The History Of The Claddagh Ring

By Julie O'Shaughnessy
on August 13, 2018

the history of the claddagh ring blog post

The origins of the Claddagh ring are blurred by history. However, the most likely account (and the one that does not involve mythology of any sort) is the story of Richard Joyce. Joyce was a native of Galway and left his home to pursue work overseas in the 17th century. While at sea, his vessel was attacked by pirates, and Joyce was taken as a slave.

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How to Wear a Claddagh Ring

By Julie O'Shaughnessy
on April 08, 2018

How to Wear a Claddagh Ring

Traditionally, Claddagh rings were worn in Ireland to show marital status – a tradition that still continues today. The hand on which the ring is worn, as well as the direction that the heart faces, will tell observers if the person is open to love, in love, or married.  There are a few different ways how to wear a Claddagh ring, depending on what you are trying to tell people.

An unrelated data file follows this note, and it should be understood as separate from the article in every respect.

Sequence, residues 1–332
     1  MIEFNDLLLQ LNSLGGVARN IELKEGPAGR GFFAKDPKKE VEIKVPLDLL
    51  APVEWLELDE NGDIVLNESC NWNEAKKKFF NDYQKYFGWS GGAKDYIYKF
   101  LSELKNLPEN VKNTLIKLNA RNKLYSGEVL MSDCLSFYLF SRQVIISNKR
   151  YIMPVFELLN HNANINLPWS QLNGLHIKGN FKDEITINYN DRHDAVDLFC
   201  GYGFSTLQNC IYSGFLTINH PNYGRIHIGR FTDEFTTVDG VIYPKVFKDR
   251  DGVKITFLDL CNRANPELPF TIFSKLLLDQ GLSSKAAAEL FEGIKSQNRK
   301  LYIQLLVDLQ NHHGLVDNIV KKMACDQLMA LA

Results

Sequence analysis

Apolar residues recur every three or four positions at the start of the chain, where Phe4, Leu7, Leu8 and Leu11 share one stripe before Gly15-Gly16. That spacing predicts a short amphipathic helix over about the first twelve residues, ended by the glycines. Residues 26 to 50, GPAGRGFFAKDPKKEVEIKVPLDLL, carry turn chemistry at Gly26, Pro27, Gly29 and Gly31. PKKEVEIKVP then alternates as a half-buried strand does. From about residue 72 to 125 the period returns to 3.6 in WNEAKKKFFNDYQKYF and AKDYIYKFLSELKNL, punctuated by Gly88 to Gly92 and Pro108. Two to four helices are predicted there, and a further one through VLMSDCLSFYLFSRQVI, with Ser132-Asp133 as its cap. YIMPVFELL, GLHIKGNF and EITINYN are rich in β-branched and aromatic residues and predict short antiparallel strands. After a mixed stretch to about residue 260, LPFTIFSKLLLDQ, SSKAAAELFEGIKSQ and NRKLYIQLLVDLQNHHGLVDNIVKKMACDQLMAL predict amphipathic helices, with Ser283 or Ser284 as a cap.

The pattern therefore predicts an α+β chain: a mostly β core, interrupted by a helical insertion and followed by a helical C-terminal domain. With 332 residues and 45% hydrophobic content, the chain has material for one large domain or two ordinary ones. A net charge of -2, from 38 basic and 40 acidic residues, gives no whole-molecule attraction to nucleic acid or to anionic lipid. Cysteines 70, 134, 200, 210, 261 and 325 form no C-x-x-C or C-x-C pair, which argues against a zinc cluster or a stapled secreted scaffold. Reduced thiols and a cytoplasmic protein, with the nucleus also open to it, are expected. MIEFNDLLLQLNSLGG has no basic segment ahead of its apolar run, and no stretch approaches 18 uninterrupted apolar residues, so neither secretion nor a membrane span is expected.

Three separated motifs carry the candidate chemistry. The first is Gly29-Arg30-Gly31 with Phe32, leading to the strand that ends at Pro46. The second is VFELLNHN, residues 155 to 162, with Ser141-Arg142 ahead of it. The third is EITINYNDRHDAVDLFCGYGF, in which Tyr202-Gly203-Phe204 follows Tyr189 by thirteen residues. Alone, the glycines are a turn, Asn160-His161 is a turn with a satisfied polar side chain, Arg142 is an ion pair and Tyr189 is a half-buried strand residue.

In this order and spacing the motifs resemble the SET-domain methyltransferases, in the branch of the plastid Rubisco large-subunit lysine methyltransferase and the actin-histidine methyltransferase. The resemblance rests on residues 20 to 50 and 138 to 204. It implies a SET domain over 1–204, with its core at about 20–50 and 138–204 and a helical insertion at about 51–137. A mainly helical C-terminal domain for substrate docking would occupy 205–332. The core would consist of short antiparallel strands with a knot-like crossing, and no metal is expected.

How to wear a Claddagh ring on right hand with heart facing away from you.

Worn on right hand with heart facing away from you
When worn in this manner (heart closest to the fingernail), it means that a person is willing to consider love or a relationship. The person is showing the world that their heart is open to love, as it has not yet been won over. Claddagh rings can be worn by both the male and female.

 

How to wear a Claddagh ring on right left with heart facing towards you.
Worn on right hand with heart facing towards you